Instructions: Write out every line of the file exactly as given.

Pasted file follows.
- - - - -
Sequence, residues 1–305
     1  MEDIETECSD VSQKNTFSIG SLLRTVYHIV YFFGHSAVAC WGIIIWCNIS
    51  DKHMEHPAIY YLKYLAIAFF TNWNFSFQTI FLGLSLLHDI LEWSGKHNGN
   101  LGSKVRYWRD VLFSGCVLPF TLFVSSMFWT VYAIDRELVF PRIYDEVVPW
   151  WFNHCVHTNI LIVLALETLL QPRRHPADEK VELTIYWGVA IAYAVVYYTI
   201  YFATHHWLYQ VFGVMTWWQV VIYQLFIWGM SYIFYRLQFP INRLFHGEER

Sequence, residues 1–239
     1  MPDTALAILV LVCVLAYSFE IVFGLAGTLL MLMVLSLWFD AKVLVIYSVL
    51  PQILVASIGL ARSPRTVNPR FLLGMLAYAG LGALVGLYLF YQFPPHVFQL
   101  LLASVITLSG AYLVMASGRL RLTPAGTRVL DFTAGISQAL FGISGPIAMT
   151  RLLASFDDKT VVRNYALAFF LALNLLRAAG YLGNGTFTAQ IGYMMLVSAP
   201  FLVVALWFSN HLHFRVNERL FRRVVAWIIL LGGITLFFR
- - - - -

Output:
Sequence, residues 1–305
     1  MEDIETECSD VSQKNTFSIG SLLRTVYHIV YFFGHSAVAC WGIIIWCNIS
    51  DKHMEHPAIY YLKYLAIAFF TNWNFSFQTI FLGLSLLHDI LEWSGKHNGN
   101  LGSKVRYWRD VLFSGCVLPF TLFVSSMFWT VYAIDRELVF PRIYDEVVPW
   151  WFNHCVHTNI LIVLALETLL QPRRHPADEK VELTIYWGVA IAYAVVYYTI
   201  YFATHHWLYQ VFGVMTWWQV VIYQLFIWGM SYIFYRLQFP INRLFHGEER

Sequence, residues 1–239
     1  MPDTALAILV LVCVLAYSFE IVFGLAGTLL MLMVLSLWFD AKVLVIYSVL
    51  PQILVASIGL ARSPRTVNPR FLLGMLAYAG LGALVGLYLF YQFPPHVFQL
   101  LLASVITLSG AYLVMASGRL RLTPAGTRVL DFTAGISQAL FGISGPIAMT
   151  RLLASFDDKT VVRNYALAFF LALNLLRAAG YLGNGTFTAQ IGYMMLVSAP
   201  FLVVALWFSN HLHFRVNERL FRRVVAWIIL LGGITLFFR